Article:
A recent survey shows Peru’s voters see virtually no ideological difference among the top five presidential contenders for 2016 elections.
Ipsos asked over 1,800 voters to rank each of Peru’s 2016 presidential contenders on a scale of one to 10, with one being “extreme left” and 10 being “extreme right.” All five candidates placed within 1.3 points of each other and less than a 15% deviation from the center.
The candidate farthest to the right according to public opinion was former Cabinet chief and World Bank economist Pedro Pablo Kuczynski, who came in with a center-right score of 6.9. Interestingly, the farthest candidate to the left was former La Libertad governor and Trujillo mayor Cesar Acuña, whose score of 5.6 still placed him to the right of the scale’s midpoint of 5.5.
The 2016 election is the first time in recent history that Peru’s presidential candidates have shown so little political differences. In 2011, candidates Ollanta Humala and Keiko Fujimori ranked 3.2 and 7.1 respectively. This year the two leading candidates differ by less than a half point.
In 1990 all three established politicians ranked between 2.4 and 4.4 when Mario Vargas Llosa came on the scene with pro-business policies which placed him at 8.3. Alberto Fujimori ultimately won that election with a message that voters ranked a centrist 5.5.
The 1990 experience begs the question if there is room for a hard-left candidate to change the election dynamics. But Peru’s political left is currently splintered between at least four political parties: the ruling Peruvian Nationalist Party, Broad Front led by Veronika Mendoza, Dignity and Democracy led by Sergio Tejada and the Social Strength Decentralizing Party led by former Lima mayor Susana Villaran.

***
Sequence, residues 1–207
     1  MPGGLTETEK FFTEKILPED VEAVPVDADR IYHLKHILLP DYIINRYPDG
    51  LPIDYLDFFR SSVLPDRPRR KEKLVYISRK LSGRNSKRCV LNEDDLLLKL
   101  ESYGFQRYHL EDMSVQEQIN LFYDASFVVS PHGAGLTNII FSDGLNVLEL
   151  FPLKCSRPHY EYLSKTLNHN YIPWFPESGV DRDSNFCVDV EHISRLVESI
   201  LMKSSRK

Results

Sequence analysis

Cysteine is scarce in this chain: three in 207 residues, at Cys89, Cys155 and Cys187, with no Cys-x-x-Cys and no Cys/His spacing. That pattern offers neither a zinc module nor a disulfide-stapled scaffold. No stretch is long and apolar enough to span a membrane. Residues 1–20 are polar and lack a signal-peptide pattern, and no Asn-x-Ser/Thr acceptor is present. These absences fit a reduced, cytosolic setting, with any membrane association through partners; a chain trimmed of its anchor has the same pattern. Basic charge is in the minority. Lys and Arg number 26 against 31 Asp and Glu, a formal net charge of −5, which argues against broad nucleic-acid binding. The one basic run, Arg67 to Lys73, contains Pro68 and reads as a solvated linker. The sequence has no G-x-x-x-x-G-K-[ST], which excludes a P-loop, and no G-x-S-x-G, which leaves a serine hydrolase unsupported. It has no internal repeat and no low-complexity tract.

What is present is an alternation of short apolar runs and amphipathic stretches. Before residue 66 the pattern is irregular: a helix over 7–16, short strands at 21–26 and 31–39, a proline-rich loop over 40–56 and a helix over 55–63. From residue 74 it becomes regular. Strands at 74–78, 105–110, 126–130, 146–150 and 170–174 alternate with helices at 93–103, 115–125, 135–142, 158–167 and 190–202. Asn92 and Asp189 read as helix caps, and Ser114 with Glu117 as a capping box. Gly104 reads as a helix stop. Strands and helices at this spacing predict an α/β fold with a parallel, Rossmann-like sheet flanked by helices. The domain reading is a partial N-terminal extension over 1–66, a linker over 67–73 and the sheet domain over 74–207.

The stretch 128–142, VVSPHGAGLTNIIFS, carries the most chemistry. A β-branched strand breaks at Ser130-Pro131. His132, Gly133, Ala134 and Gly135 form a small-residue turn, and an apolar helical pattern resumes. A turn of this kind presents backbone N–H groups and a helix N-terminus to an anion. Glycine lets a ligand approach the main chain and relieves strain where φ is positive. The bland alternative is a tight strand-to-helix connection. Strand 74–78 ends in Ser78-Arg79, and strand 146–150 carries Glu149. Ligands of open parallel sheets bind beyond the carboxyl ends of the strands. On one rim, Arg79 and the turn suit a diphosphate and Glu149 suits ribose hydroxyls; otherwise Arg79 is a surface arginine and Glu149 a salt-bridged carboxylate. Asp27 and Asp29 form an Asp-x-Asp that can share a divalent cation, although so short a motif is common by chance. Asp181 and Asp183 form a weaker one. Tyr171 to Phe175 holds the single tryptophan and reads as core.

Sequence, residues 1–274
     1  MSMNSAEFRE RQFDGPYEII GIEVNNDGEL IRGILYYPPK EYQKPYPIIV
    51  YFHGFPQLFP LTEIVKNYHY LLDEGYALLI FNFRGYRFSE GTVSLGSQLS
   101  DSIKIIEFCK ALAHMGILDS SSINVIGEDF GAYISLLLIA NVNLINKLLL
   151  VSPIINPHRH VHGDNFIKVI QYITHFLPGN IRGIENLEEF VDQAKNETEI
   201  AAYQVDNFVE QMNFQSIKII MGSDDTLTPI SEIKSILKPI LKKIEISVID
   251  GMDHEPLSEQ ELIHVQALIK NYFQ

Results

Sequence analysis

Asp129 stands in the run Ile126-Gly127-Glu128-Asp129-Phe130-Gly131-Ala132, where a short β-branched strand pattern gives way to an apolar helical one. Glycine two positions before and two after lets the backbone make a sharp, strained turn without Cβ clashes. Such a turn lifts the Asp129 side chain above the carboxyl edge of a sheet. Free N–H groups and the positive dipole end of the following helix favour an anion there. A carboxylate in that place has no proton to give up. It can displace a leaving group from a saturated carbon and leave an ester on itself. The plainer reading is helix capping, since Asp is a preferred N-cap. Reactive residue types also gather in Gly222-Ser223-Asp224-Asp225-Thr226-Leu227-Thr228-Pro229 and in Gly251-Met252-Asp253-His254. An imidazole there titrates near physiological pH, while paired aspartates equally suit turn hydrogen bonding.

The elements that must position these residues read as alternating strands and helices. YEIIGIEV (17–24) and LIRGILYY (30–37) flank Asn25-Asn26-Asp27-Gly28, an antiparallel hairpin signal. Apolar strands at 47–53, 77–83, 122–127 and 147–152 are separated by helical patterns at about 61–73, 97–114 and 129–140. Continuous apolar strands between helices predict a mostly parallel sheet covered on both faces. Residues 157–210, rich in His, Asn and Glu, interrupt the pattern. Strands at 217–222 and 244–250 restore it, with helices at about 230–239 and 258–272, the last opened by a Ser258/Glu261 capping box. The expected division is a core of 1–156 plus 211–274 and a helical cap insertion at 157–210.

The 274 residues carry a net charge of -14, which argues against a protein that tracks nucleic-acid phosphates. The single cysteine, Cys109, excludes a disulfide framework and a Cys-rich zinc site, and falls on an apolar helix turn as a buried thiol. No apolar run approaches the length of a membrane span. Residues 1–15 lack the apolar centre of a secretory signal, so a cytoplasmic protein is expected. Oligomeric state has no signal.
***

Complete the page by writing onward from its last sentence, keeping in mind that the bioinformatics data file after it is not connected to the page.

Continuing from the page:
Mendoza and Tejada, both defectors from the Nationalist Party due to President Ollanta Humala’s business-friendly policies, have stated publicly they are willing to join forces to prevent a Fujimori presidency. However selecting which one will be the candidate could prove to be a deal breaker. And with 2% and less than 1% of voter intentions respectively, an alliance may not make much of a difference.
The far right is even more splintered. The historic Popular Christian Party (PPC) is going through an internal struggle for control between party leader Raul Castro and former presidential candidate Lourdes Flores over the latter’s proposed alliance with Alan Garcia. Garcia’s APRA party, which was founded as a socialist party, is a historic enemy of the PPC.
Ipsos Peru president Alfredo Torres says that the convergence of the candidates to the center-right reflects the people’s desire for pragmatic solutions.
“[Peru’s political centrists] instinctively distrust politicians and seek concrete solutions for their most pressing problems, but they are also open to hope,” writes Ipsos Peru president Alfredo Torres. “Candidates should strive to approach, understand and target this population. The electorate does not want a slew of populist promises, but attractive proposals under a vision of Peru to be projected into the future with hope.”
The Ipsos survey comes on the heels of a presidential election in Argentina which saw the end of Kirchnerismo, the political policy of former President Nestor Kirchner and Cristina Fernandez. In Venezuela, President Nicolas Maduro is likely to lose his control of Congress with an approval deficit of more than 20 percentage points.
The Wall Street Journal reports that economic populism in Latin America is fading following the collapse of commodity prices combined with high-profile corruption cases in Venezuela and Brazil.
Ni a la izquierda ni a la derecha, por Alfredo Torres (El Comercio)
Lourdes Flores Nano denuncia a Raúl Castro ante el JNE (El Comercio)
El Underdog del Norte (Ipsos)
A Populist ‘Pink Tide’ Is Ebbing in South America, Argentine Vote Suggests (Wall Street Journal)